Nonfarm Animal Caretakers picture    Nonfarm Animal Caretakers image

Nonfarm Animal Caretakers

Nonfarm animal caretakers take care of the everyday needs of animals in a variety of environments such as kennels, shelters and clinics. They perform tasks such as feeding and grooming animals, cleaning their cages and examining animals to make sure they are in good health. They may also exercise animals, bath them and provide companionship. Common job titles are animal keeper, animal attendant and animal care technician.

Kennel attendants clean cages and dog runs, provide food and water, and bathe and exercise animals. Kennel attendants may also perform grooming tasks.

Groomers specialize in maintaining an animal's appearance. Most groomers work with dogs and some groomers work with cats. Employers include kennels, pet supply food stores and veterinary clinics. Some groomers have their own business. Mobile grooming services that make house calls are increasingly popular.

Pet sitters take care of pets while their owners are away. They typically take care of the pet at the owner's house. They take care of tasks such as providing food and water. Pet sitters also exercise pets. Some bathe and groom animals. Most pet sitters take care of dogs.


  • Provide food and water to animals
  • Clean cages and dog runs
  • Examine and monitor animals in order to detect signs of illness
  • Provide treatments to injured or sick animals
  • Exercise animals
  • Unload and store feed and supplies
  • Bathe animals
  • Groom animals
  • Answer customers' questions

Job Characteristics

Some of the tasks performed by animal caretakers may be unpleasant and physically or emotionally demanding. They also risk being bitten or scratched. However, working with animals can be very rewarding. Animal care technicians may occasionally lift heavy supplies and their work often includes kneeling and bending.

Nonfarm animal caretakers often work irregular hours. Animal care takers and service workers often work during the weekends and holidays. Some animal hospitals and animal shelters have an attendant on duty 24 hours a day.

Employment Outlook

Employment of animal care and service workers is projected by the Bureau of Labor Statistics to grow by 21 percent from 2008 to 2018 which is much faster than average for all occupations. In addition, the median annual earnings for nonfarm animal caretakers in 2008 was $19,360.

Education, Certification, and Licensing

Most animal care and service workers learn by on-the-job-training. Many employers seek applicants that have experience with animals. Animal attendants that are employed at kennels typically learn their skills with on-the-job training.

Pet sitters typically don't need any specific training but are typically required to have some knowledge about the type of animals they are taking care of and some previous experience with animals.

Pet groomers usually acquire their skills by participating in an informal apprenticeship under the supervision of an experienced groomer which usually last from 6 to 10 weeks. There are numerous state licensed grooming schools across the country which provide programs that vary in length for 2 to 18 weeks.

Animal keepers that work in animal shelters are not required to have specialized training, however training programs and workshops are available through the Humane Society of the United States, the National Animal Control Association and the American Humane Association.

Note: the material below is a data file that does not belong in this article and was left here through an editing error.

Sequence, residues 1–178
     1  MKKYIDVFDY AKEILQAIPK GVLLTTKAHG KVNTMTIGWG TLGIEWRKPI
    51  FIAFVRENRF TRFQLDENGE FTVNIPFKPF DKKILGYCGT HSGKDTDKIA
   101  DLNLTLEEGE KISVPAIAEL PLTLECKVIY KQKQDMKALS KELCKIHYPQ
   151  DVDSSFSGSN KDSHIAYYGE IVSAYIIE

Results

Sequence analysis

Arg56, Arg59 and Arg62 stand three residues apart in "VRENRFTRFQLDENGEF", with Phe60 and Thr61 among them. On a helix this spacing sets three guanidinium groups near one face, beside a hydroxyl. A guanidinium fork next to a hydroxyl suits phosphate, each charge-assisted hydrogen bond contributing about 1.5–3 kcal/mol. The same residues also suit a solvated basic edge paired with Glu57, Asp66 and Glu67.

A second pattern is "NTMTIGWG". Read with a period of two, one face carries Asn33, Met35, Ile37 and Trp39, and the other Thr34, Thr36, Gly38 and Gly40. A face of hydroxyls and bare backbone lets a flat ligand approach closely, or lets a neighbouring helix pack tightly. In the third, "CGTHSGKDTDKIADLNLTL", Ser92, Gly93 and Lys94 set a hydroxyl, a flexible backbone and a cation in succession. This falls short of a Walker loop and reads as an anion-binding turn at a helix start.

The National Dog Groomers Association of America provides certification for master status as a groomer. A home-study certification program is offered by the National Association of Professional Pet Sitters. A home study program is provided by the Pet Care Services Association and those that complete all three stages and pass written and oral examinations become Certified Kennel Operators.


Major Employers

The top employers are boarding kennels, animal shelters, animal humane societies, veterinary hospitals, pet stores, rescue leagues and laboratories.

Schools for Nonfarm Animal Caretakers are listed in the Browse Schools Section.

Metro Areas Sorted by Total Employment for
Nonfarm Animal Caretakers

Listed below are the 10 largest metro areas based on the total number of people employed in Nonfarm Animal Caretakers jobs , as of 2016

Metro Area Total Employment Annual Mean Salary
Los Angeles-Long Beach-Anaheim 6,260 $29,750
Dallas-Fort Worth-Arlington 4,980 $23,560
Houston-The Woodlands-Sugar Land 4,230 $20,610
Detroit-Warren-Dearborn 3,400 $22,090
Atlanta-Sandy Springs-Roswell 3,250 $25,560
Miami-Fort Lauderdale-West Palm Beach 3,130 $25,480
San Francisco-Oakland-Hayward 3,050 $28,880
Seattle-Tacoma-Bellevue 2,800 $28,330
San Diego-Carlsbad 2,670 $32,220
Denver-Aurora-Lakewood 2,610 $23,190

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Total employment and salary for professions similar to animal caretakers

Source : 2016 Occupational Employment Statistics, Bureau of Labor Statistics, U.S. Department of Labor, BLS.gov

Most Popular Industries for
Nonfarm Animal Caretakers

These industries represent at least 1% of the total number of people employed in this occupation.

Industry Total Employment Percent Annual Median Salary
Personal Services 44,120 34% $19,530
Professional And Technical Services 26,660 21% $18,480
Miscellaneous Retail Stores 19,840 15% $18,320
Non-profit 9,720 7% $18,640
Performing Arts And Sports 7,960 6% $20,540
Museums And Historic Attractions 4,750 3% $25,330
Government 4,230 3% $28,880
Agriculture And Forestry Services 3,140 2% $20,600
Amusement Gambling And Recreation 2,140 1% $23,480
Education 1,700 1% $24,910
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We have some additional detailed pages at the state level for Nonfarm Animal Caretakers.

Numbers in parentheses are counts of relevant campus-based schools in the state; online schools may also be available.

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